Floods in the Deep South. Homegrown terrorists and al-Qaida. An economy on the brink. So much for Americans to worry about.
Now a top US health official has added a new fear: "Zombie Apocalypse".
The assistant surgeon general, Ali Khan, has posted advice on the website of the government's health and safety agency, the Centres for Disease Control and Prevention, on how to prepare for Night of the Living Dead popping up in the backyard.
"There are all kinds of emergencies out there that we can prepare for," Khan writes under the heading Preparedness 101: Zombie Apocalypse. "Take a zombie apocalypse for example. That's right, I said z-o-m-b-i-e a-p-o-c-a-l-y-p-s-e. You may laugh now, but when it happens you'll be happy you read this."
Khan offers no advice on how best to fight off the Zombie hordes – chainsaw or shotgun? Instead he recommends preparing a survival strategy "to get you through the first couple of days before you can locate a zombie-free refugee camp".
"You should sit down with your family and come up with an emergency plan. This includes where you would go and who you would call if zombies started appearing outside your doorstep," Khan writes.
"Plan your evacuation route. When zombies are hungry they won't stop until they get food (ie brains), which means you need to get out of town fast! Plan where you would go and multiple routes you would take ahead of time so that the flesh eaters don't have a chance!"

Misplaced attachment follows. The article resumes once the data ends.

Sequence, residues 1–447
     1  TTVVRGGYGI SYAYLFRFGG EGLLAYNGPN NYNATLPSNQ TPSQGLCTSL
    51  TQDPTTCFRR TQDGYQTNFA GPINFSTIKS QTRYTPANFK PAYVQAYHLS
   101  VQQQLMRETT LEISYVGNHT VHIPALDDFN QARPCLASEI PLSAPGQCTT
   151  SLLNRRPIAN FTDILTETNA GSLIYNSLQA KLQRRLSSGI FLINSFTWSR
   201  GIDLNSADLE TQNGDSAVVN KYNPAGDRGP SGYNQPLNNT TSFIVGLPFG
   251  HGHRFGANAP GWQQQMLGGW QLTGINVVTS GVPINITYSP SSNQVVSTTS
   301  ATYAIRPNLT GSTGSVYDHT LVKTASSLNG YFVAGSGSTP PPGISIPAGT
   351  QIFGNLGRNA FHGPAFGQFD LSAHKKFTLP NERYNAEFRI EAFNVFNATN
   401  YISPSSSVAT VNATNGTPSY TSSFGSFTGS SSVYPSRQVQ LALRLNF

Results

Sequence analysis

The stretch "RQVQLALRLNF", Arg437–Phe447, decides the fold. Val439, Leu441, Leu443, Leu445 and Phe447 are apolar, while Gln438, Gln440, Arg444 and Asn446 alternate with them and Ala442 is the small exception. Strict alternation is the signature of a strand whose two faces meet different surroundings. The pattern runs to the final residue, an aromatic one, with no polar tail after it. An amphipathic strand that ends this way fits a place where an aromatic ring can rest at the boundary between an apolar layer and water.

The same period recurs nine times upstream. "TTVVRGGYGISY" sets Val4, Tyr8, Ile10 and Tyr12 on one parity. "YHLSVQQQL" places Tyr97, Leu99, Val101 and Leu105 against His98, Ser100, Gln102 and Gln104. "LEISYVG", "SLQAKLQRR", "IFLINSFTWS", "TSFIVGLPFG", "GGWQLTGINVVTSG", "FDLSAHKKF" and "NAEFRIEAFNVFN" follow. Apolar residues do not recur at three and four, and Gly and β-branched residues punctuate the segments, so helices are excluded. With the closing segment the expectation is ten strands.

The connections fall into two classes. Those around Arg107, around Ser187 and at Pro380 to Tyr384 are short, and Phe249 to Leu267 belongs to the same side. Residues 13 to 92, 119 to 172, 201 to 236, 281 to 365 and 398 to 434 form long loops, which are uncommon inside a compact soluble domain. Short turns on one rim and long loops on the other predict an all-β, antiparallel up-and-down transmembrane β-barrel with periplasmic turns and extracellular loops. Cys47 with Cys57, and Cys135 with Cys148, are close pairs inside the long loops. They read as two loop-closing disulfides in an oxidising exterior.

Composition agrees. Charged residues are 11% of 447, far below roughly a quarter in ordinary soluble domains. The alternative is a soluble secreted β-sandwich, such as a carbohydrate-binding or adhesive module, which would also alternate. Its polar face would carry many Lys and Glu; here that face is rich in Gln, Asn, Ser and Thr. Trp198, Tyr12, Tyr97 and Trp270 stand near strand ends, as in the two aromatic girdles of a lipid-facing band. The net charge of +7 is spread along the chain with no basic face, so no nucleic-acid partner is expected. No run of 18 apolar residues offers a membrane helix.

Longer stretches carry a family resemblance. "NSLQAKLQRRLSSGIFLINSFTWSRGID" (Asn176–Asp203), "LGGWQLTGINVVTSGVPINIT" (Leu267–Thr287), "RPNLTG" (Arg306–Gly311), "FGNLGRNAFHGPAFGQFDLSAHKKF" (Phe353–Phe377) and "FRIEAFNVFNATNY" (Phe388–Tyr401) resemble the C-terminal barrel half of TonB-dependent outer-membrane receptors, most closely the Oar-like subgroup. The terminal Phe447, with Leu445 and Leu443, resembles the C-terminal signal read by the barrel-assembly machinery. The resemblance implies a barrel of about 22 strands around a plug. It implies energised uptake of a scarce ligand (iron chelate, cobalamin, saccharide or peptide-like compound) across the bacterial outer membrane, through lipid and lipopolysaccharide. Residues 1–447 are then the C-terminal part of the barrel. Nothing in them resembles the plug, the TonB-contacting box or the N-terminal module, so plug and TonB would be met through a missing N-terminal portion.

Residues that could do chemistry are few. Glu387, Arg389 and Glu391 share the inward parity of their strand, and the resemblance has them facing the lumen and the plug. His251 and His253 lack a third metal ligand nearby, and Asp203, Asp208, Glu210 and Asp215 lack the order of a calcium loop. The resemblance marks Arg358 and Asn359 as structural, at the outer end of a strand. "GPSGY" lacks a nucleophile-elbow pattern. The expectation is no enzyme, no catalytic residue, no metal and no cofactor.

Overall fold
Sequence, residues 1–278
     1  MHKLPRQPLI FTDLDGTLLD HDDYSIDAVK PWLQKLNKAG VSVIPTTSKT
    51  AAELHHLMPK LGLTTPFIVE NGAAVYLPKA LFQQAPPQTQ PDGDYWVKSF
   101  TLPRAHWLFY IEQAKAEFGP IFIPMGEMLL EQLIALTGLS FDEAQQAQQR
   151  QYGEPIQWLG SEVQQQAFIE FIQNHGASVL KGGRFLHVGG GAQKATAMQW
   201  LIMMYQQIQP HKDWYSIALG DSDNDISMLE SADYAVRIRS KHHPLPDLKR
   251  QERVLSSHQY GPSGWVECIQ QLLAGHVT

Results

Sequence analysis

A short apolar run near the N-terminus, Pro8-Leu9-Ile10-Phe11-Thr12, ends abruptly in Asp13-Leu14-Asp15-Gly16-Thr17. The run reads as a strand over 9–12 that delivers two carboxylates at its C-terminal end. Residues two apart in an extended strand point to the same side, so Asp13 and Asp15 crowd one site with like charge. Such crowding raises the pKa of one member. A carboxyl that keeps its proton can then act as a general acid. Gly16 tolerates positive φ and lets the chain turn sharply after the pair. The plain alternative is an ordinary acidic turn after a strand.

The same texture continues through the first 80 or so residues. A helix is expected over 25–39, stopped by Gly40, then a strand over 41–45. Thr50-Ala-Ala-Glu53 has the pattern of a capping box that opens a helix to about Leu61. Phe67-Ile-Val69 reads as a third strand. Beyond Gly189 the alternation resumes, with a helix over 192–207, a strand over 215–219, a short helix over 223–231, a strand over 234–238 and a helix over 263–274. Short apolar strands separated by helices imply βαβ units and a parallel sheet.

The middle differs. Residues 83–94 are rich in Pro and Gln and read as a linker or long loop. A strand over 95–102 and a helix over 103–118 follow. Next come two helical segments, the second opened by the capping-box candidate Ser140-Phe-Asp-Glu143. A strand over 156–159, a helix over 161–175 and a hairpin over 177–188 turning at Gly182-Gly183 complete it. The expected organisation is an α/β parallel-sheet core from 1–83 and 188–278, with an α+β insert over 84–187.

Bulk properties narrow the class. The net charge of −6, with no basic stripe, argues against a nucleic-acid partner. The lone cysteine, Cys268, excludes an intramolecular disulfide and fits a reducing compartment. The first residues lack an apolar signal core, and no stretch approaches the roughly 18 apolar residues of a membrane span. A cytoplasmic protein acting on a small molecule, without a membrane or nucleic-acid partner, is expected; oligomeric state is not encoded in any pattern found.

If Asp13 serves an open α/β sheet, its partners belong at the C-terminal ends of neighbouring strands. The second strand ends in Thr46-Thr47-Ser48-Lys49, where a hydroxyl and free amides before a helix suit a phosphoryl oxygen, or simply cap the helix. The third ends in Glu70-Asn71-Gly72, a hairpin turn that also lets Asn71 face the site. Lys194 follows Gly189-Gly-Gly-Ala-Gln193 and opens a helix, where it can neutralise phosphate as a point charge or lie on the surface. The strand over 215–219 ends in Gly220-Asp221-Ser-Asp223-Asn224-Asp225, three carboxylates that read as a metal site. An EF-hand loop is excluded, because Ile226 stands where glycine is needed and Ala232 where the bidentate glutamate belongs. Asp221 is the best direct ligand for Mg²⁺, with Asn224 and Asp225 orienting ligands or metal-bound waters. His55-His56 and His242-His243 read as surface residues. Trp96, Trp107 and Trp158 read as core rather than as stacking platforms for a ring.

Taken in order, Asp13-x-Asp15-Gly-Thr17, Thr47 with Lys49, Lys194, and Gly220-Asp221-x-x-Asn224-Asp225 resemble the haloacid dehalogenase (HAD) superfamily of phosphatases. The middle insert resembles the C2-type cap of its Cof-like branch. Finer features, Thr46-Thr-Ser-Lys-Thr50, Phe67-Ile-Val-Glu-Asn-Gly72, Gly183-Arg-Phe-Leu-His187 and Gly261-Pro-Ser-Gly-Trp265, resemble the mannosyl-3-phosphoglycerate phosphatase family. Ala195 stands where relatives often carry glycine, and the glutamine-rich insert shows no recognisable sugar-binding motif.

Khan is not expecting anyone to have to fight their mothers trying to devour them any time soon but he thinks preparation for that unlikely if terrifying scenario is as good a way as any to be ready to face a whole load of disasters from hurricanes and earthquakes to pandemics and nuclear accidents.
In fact, some of the advice – such as making sure you have your driving licence when you flee – reflects a touching faith in a return to normality that seems unlikely if half of humankind is trying to eat the other half.
The CDC, which has its headquarters in Druid Hills, has described the campaign as "kind of tongue-in-cheek" after officials bemoaned the difficulty of getting the general public to pay attention to calls to prepare for disasters. It appears to have worked. The blog post became the most read on the CDC website in just two days.